January 1, 2008

Madison the Miracle Dog

Meet Madison the Miracle dog. She is pictured here with her new friend Jenelle at an adoption event. Madison is a two year old, 50 lb. pit-bull mix that was brought to a vet after being hit by a car. It was obvious that she had recently given birth, though her pups were not found. Her injuries were extensive. Both hind legs broken in multiple places, her hip dislocated internal injuries, and heartworm positive. Chesed Rescue decided to take over her care and give her a second chance. Dr. Robin Holtsinger, an extraordinary orthopaedic surgeon, spent 6.5 hours "fixing" Madison's broken bones. She doesn't even limp now. She has a wonderful foster dad who has helped Madison recuperate while she waits for a forever home. She is sweet and loving to all.

If you are interested in offering this miracle dog a permanent home, please go to www.chesed-rescue.org for adoption application and procedures or call 561-213-5773 or 305-775-1798 for more information.

October 12, 2007

Cadette Troop 52 Select Chesed as Community Service Project

The girls of Cadette Scout Troup 52 were very excited about Chesed Rescue after delivering pet supplies to Chesed in February 2007. The girls decided they wanted to earn their "Adopt an Agency" patch and selected Chesed Rescue as their agency of choice. Basically, to earn the patch, the girls have to perform community service on three (3) different occasions with Chesed Rescue in a 12-month period.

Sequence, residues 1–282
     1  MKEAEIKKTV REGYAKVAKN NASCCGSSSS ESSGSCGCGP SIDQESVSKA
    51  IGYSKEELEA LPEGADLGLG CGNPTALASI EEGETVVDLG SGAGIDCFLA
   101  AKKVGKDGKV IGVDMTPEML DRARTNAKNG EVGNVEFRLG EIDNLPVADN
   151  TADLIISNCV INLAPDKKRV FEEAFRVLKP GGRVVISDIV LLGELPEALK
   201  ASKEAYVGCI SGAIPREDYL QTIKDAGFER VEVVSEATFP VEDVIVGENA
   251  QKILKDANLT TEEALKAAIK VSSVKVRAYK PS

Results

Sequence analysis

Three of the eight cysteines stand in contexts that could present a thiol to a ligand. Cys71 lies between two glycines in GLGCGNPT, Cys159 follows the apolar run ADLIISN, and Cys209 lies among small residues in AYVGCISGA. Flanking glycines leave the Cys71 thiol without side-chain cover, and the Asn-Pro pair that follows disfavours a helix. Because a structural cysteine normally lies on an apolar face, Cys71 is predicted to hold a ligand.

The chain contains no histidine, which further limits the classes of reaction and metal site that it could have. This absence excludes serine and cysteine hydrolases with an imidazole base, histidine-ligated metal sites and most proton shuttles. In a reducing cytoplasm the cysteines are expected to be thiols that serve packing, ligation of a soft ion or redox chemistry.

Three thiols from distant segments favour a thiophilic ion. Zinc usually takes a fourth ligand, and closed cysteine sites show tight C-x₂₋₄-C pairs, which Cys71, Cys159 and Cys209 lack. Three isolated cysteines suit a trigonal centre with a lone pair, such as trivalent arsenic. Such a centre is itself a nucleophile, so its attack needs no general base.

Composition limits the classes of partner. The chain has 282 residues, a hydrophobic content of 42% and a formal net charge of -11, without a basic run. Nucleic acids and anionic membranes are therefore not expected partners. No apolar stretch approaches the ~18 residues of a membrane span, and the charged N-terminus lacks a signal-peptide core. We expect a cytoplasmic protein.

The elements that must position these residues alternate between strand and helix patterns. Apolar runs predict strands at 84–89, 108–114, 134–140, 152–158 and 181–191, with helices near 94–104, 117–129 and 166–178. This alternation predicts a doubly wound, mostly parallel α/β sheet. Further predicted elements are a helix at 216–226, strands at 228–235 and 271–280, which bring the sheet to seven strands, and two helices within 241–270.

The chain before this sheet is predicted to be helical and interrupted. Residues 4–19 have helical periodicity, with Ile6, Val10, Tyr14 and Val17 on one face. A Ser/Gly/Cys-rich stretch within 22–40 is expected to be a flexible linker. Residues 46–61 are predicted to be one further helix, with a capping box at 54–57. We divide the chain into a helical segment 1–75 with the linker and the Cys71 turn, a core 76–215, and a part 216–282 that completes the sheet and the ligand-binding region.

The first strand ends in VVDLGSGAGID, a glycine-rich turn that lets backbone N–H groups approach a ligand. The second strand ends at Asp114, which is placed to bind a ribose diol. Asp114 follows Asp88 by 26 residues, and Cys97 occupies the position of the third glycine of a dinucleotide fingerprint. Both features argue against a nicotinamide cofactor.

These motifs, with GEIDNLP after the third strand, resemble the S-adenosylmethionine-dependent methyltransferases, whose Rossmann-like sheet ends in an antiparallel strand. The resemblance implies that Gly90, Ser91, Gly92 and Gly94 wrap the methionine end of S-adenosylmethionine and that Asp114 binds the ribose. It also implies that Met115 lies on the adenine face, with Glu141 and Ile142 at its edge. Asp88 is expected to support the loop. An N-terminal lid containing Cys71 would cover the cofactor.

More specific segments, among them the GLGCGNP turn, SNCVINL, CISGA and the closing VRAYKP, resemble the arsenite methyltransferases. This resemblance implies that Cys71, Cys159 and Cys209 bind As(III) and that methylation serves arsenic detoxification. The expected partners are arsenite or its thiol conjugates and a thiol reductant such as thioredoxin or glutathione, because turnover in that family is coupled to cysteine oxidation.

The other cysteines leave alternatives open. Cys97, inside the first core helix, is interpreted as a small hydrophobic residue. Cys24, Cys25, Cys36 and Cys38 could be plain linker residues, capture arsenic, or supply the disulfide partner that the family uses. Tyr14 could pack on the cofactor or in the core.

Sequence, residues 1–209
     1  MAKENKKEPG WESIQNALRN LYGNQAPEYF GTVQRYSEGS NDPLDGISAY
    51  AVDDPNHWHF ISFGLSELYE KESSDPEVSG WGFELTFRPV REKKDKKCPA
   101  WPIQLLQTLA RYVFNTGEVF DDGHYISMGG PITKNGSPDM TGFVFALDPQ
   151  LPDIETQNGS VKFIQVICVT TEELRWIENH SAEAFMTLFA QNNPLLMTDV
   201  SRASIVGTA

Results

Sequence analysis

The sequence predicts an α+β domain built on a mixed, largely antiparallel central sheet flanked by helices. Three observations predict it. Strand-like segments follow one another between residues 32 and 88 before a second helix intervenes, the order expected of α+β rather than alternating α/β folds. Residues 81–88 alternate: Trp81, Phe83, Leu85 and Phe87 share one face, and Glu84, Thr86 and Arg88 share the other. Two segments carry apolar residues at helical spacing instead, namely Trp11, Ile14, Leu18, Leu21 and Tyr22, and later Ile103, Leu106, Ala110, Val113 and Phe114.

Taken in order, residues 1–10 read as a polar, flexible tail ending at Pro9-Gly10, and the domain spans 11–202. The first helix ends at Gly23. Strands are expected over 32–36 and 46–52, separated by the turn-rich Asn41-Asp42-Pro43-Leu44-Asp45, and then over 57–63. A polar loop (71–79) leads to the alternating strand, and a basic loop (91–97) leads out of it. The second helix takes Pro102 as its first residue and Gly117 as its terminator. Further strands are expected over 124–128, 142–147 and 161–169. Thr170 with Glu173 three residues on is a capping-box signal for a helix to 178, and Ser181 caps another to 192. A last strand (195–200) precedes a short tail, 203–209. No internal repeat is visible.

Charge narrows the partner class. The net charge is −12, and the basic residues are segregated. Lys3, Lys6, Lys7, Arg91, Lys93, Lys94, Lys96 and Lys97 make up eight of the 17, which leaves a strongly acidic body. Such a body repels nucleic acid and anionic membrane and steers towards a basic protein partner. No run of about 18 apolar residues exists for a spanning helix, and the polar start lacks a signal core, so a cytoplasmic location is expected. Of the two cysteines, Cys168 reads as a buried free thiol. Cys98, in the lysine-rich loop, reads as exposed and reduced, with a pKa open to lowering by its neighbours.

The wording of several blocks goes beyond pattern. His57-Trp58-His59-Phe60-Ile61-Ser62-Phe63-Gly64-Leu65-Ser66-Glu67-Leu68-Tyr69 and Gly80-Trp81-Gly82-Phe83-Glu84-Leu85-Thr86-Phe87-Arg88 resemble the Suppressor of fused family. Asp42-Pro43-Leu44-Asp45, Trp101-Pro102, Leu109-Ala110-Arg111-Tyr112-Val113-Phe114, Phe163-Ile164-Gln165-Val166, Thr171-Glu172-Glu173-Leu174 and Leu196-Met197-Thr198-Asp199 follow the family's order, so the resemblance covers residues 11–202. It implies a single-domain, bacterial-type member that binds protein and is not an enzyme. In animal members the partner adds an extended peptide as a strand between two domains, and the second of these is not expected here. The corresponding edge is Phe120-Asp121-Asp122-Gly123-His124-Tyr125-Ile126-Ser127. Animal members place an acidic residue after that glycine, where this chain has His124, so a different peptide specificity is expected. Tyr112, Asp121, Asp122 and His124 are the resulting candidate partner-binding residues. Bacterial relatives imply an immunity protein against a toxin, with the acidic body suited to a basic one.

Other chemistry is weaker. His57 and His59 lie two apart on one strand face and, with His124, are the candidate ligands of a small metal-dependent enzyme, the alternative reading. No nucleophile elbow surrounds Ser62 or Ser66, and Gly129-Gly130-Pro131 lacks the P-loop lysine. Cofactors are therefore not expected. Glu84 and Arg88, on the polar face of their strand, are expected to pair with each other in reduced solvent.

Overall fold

According to their troup leader, Debbie Davis, when Chesed Rescue Director Bobbi Miller asked her if the girls would be willing to assist with the medical records at Boca Greens Animal Hospital, the troop was thrilled. This qualified for their second community service project.

" Two weeks ago, Bobbi mentioned to me a pillow project a Boy Scout Troop did in the past and indicated Chesed-Rescue could use more pillows. When I mentioned this to the girls they jumped on the idea and have already completed their planning for the 'pet pillow' project, " says Davis.

Currently, they are in the process of gathering donated t-shirts of all sizes and colors and pillow stuffing materials and aiming for December to donate the "pet pillows" by December. The girls are looking forward to continuing to work with Chesed-Rescue after they earn their "Adopt an Agency" badge.

Photo: From left to right is Jessica Hall, Mrs. Davis, Nikki Giordano, Savanna Greeley and Savannah Davis.